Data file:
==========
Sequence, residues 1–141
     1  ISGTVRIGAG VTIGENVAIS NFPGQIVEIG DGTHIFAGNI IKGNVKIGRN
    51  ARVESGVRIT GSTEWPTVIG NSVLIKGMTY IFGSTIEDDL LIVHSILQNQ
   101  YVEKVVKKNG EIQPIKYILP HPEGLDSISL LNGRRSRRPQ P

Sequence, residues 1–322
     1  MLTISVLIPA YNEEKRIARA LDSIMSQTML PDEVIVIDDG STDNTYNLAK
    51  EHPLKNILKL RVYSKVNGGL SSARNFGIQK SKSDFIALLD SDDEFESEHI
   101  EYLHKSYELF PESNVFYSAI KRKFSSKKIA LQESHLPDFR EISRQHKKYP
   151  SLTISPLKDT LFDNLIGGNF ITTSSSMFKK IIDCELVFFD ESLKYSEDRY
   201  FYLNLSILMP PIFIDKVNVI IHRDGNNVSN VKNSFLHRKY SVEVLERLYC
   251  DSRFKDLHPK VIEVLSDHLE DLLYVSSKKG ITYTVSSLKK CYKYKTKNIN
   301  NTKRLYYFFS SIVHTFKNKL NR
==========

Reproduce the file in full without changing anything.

Sequence, residues 1–141
     1  ISGTVRIGAG VTIGENVAIS NFPGQIVEIG DGTHIFAGNI IKGNVKIGRN
    51  ARVESGVRIT GSTEWPTVIG NSVLIKGMTY IFGSTIEDDL LIVHSILQNQ
   101  YVEKVVKKNG EIQPIKYILP HPEGLDSISL LNGRRSRRPQ P

Sequence, residues 1–322
     1  MLTISVLIPA YNEEKRIARA LDSIMSQTML PDEVIVIDDG STDNTYNLAK
    51  EHPLKNILKL RVYSKVNGGL SSARNFGIQK SKSDFIALLD SDDEFESEHI
   101  EYLHKSYELF PESNVFYSAI KRKFSSKKIA LQESHLPDFR EISRQHKKYP
   151  SLTISPLKDT LFDNLIGGNF ITTSSSMFKK IIDCELVFFD ESLKYSEDRY
   201  FYLNLSILMP PIFIDKVNVI IHRDGNNVSN VKNSFLHRKY SVEVLERLYC
   251  DSRFKDLHPK VIEVLSDHLE DLLYVSSKKG ITYTVSSLKK CYKYKTKNIN
   301  NTKRLYYFFS SIVHTFKNKL NR